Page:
It's hard to imagine a band like Edwyn Collins' circa-1980 Orange Juice establishing itself in the testosterone-poisoned alleys of Glasgow, Scotland, today. Softly elegant and fey pop songs conveyed in a manner at once grinningly confident and punkishly self-loathing; the accessibility of hit-worthy guitar rock corrupted by a laissez-faire post-punk smirk. You know -- like Belle & Sebastian. Or Franz Ferdinand. OK, maybe it shouldn't come as a surprise that the town that birthed both the Jesus and Mary Chain and the headbutt (i.e. "Glasgow kiss") should produce music almost confrontational in its camp. But Orange Juice was the first -- and, as The Glasgow School reminds us with its assortment of the band's singles for seminal pop-upstart label Postcard, it's still something magical.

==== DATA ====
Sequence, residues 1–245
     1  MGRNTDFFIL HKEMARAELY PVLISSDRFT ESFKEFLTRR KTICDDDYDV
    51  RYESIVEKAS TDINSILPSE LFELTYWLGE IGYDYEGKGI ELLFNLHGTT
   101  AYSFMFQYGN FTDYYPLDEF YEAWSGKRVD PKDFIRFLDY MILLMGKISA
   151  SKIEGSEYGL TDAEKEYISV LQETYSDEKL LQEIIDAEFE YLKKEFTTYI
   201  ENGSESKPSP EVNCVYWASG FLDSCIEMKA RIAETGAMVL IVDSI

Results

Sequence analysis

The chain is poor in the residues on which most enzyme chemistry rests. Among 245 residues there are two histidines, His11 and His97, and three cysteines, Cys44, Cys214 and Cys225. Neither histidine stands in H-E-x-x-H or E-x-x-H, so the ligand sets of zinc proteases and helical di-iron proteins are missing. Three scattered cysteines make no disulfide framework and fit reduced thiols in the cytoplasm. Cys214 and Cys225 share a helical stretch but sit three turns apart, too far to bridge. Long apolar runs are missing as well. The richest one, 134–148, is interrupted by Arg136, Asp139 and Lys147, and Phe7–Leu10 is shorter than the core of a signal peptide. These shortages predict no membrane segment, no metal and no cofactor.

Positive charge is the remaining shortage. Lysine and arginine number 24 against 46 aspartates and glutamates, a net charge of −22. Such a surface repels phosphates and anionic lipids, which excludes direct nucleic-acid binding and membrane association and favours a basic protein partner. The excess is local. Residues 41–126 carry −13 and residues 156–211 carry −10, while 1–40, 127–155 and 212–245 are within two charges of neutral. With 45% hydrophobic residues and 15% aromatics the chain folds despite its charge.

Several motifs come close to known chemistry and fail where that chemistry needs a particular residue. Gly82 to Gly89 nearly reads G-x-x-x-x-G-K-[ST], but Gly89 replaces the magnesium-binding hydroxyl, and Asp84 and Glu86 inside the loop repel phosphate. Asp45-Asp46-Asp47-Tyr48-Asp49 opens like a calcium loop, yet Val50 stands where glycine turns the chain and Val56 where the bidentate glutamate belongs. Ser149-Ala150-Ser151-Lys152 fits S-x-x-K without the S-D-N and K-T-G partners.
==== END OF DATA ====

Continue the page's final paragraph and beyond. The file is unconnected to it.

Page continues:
Listen to the debut "Falling and Laughing" and just try not to get chills hearing, as you will, the Promethean moment of British indie-pop: Morrissey's overwrought vocal drama and Johnny Marr's sweet and twee chords; the post-punk'd blue-eyed soul of Aztec Camera and Everything but the Girl; Pulp's self-immolating cynicism -- all are foreshadowed here. Blare the wry social statements and nervous caffeinated bounce on "Blue Boy" and "Love Sick" a quarter-century after their release, and these records still inspire one to think not only that Orange Juice is brilliant, but that you or I -- or anyone -- could do this. Because anyone could. Orange Juice couldn't play -- not at this point, at least. You won't find later hit-single studio gems like "Rip It Up" on The Glasgow School: This is OJ feeling its way, punk-like, through pop, learning through mistakes, and it's marvelous to behold.